April 24, 2014

Jensen Farms Cantaloupe Listeria Cases Must Be Filed by September 14

Jensen Farms, the company that grew and shipped the cantaloupes that caused the large Listeria outbreak last summer has filed for bankruptcy. The United States Bankruptcy Court in Colorado has approved the motion, and a date has been set for filing of claims.

All people who assert a claim based on the outbreak of listeriosis must file it by 5:00 pm Eastern Time on or before September 14, 2012. It’s important that anyone who was affected by this outbreak file a claim to receive compensation for their injuries. The court is ordering that Jensen Farms make available $4 million in settlement money, from its insurance policy, insurers of the equipment the facility used, and from the third-party auditor who failed to discover contamination at the plant just before the outbreak occurred.

The company faces seven personal injury lawsuits and 12 wrongful death suits. That outbreak was one of the deadliest in U.S. history, killing at least 35 people and sicking 146 in 28 states before the Centers for Disease Control and Prevention (CDC) declared the outbreak over on December 8, 2011 and released its final report. The outbreak began on September 2, 2011, when the Colorado Department of Public Health and Environment notified the CDC about seven patients who were sick with the same strain of Listeria bacteria.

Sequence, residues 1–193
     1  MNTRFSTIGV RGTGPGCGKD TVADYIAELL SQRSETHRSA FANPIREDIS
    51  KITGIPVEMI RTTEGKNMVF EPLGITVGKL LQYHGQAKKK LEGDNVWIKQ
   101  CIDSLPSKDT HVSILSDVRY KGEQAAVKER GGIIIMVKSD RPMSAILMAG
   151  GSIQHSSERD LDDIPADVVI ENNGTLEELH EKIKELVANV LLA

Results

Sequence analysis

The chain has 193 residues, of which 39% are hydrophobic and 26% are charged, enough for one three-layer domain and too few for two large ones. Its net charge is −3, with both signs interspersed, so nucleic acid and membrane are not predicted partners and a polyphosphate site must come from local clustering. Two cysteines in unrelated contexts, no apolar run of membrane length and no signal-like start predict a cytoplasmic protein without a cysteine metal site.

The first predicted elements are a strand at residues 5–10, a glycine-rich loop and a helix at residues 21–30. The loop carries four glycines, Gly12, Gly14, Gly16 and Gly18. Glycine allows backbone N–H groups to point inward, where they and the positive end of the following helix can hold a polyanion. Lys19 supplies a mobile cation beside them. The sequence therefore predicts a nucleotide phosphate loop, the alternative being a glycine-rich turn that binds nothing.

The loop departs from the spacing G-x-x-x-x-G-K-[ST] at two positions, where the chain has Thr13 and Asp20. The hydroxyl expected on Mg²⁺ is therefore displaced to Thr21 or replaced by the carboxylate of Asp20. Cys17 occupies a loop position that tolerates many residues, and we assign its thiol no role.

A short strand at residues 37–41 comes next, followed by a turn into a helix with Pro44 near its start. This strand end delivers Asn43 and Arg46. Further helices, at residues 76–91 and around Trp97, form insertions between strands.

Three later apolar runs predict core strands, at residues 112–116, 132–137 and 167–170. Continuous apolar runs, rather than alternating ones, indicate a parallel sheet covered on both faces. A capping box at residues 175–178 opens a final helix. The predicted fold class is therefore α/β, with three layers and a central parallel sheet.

This is the final outbreak toll, by state: Alabama (1), Arkansas (1), California (4), Colorado (40 with 8 deaths), Idaho (2), Indiana (3, 1 death), Iowa (1, 1 miscarriage), Kansas (11, 3 deaths),
Louisiana (2, both deaths), Maryland (1 case, a death), Missouri (7, 3 deaths), Montana (1), Nebraska (6, 1 death), Nevada (1), New Mexico (15, 5 deaths), New York (2, both deaths), North Dakota (2), Oklahoma (12, 1 death), Oregon (1), Pennsylvania (1), South Dakota (1), Texas (18, 2 deaths), Utah (1), Virginia (1), West Virginia (1), Wisconsin (2), Wyoming (4, 1 death).

In addition to these cases, seven pregnant women became ill, and three infants were born with listeriosis.

Unsanitary conditions on the farm were found to be the source of the bacteria. In January, Jensen Farms was fined for housing its migrant worker in unsanitary and crowded conditions. Just before the outbreak occurred, Primus Labs gave the facility very high marks, leading to an investigation into the third-party auditing system by the United States House of Representatives.

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